1. It would fund and encourage start-ups who work on flagging and tracking disinformation campaigns. It would provide significant tax incentives for those who started news companies in news deserts at a local level. 

  1. It would provide money to state and local officials to boost their communications budget in order to develop in-house resources to fight against malicious information locally.

  2. It would develop and implement national crisis communication plans and serve as the focal point and coordination center for informatics during future disasters. 

What are your ideas?  What’s doable?  What’s not doable unless conditions are met?  What should be the priority?  I’d like to hear your thoughts.

When Radicals Take To Violence

And two viral threads

Before he was sentenced to death for pumping bullets into President William McKinley in 1901, the anarchist Leon Czolgasz was asked for his last words. “I killed the President because he was the enemy of the good people - the good working people. I am not sorry for my crime.”

As historians later pieced through his life, they found that Czolgasz had been radicalized by anarchists, including Emma Goldman, whose calls to violence the would-be assassin took to heart.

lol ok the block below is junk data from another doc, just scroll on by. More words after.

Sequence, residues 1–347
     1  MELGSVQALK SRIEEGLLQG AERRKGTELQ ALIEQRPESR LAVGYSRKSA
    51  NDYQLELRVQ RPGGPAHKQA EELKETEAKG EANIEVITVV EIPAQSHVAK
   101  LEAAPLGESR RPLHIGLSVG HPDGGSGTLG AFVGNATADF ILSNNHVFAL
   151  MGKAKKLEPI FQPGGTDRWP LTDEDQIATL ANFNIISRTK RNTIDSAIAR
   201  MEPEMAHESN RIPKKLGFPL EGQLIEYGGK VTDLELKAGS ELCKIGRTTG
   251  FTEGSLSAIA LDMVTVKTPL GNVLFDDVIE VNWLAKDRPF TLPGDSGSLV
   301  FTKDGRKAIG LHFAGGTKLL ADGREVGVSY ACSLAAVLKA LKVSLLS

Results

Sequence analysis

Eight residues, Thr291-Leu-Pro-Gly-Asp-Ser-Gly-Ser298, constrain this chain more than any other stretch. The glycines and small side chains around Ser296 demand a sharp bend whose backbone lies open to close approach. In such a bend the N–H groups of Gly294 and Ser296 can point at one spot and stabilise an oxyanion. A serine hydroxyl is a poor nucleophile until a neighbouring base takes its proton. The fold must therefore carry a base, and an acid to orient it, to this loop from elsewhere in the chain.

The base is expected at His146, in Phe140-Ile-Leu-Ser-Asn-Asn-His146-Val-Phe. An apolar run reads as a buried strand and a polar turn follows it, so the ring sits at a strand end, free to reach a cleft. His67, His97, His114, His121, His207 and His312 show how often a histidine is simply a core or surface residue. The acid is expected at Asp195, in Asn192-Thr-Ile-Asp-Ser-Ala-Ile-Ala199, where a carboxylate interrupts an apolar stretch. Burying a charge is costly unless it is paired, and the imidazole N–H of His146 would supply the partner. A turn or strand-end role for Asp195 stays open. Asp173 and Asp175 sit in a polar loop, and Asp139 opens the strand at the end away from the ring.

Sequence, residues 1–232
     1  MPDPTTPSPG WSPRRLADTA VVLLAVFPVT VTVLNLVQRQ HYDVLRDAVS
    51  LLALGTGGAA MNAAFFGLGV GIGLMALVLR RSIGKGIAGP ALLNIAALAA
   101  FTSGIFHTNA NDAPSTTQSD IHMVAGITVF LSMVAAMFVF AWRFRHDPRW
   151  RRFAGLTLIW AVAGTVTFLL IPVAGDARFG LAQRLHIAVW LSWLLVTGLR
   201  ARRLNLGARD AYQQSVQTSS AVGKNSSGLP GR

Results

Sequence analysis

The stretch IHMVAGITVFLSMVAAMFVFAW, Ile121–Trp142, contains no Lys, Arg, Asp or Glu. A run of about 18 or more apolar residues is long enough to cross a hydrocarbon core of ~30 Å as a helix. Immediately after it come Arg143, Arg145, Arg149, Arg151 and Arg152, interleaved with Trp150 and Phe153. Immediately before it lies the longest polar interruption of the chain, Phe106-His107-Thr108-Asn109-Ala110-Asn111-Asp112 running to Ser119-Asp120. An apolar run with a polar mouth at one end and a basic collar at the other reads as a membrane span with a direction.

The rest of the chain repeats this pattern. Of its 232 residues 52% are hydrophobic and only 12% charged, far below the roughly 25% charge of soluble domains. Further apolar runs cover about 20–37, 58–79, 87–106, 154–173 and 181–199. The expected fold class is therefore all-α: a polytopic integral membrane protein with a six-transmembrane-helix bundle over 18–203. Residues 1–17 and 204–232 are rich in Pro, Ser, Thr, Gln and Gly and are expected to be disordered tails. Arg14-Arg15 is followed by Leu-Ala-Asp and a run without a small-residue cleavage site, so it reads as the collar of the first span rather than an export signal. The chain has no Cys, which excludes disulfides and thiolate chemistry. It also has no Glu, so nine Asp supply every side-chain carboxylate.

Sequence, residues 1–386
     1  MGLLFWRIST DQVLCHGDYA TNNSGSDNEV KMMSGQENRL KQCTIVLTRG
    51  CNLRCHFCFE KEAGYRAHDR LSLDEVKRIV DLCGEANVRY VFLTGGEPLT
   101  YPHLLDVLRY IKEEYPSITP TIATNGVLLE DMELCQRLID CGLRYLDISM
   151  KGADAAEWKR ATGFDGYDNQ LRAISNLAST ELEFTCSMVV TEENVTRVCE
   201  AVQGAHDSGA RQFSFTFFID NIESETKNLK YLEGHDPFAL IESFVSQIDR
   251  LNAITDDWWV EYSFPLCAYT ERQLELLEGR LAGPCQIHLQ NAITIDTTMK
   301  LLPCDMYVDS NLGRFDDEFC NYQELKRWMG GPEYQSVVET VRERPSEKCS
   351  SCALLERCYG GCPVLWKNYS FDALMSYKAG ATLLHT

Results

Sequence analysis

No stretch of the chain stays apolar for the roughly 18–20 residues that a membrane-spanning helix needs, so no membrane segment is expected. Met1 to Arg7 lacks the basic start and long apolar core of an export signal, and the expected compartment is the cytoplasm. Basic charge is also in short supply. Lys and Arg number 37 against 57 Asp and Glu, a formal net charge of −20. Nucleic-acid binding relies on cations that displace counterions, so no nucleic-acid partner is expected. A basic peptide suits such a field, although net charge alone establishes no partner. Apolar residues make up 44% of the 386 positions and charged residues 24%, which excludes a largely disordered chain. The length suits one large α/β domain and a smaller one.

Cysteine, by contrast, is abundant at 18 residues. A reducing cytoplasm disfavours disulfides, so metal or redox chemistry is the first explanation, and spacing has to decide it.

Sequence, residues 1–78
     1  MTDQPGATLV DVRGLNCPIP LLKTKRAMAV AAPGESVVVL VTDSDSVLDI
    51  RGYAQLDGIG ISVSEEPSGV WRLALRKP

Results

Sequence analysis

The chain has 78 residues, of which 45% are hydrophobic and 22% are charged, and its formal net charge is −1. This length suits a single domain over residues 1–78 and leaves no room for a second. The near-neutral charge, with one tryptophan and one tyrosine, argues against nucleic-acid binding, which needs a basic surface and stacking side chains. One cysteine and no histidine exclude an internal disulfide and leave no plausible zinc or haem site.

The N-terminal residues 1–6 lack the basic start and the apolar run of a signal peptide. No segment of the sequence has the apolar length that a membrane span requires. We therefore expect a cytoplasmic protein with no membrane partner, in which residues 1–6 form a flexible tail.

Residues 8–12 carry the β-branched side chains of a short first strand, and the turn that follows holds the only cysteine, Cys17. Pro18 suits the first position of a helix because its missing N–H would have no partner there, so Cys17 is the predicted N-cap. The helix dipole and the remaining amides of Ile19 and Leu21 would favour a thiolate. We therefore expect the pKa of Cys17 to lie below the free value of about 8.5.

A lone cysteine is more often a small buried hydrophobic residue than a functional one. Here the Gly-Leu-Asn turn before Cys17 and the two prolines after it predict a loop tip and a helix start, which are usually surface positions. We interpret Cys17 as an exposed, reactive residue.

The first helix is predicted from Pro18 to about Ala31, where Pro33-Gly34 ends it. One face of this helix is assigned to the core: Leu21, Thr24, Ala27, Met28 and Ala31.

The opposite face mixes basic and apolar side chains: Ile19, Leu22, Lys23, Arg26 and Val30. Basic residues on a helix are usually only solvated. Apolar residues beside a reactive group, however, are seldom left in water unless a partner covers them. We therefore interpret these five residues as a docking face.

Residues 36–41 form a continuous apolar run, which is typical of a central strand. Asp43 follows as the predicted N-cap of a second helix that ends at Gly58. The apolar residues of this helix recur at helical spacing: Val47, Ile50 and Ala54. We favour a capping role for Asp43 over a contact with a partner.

I have been re-reading some of Goldman’s orations as I’ve tried to understand the white radical insurgents who sacked the Capitol on January 6, after President Donald Trump’s speech at a Stop the Steal rally.  These are the speeches that catalyzed the killing of a President 120 years before:

“I realize that most of you have but a very inadequate, very strange and usually false conception of Anarchism. I do not blame you. You get your information from the daily press. Yet that is the very last place on earth to seek for truth in any state of form. Anarchism, to the great teachers and leaders in the spiritual aspect of life, was not a dogma, not a thing that drains the blood from the heart and makes people zealots, dictators or impossible bores. Anarchism is a releasing and liberating force because it teaches people to rely on their own possibilities, teaches them faith in liberty, and inspires men and women to strive for a state of social life where everyone shall be free and secure.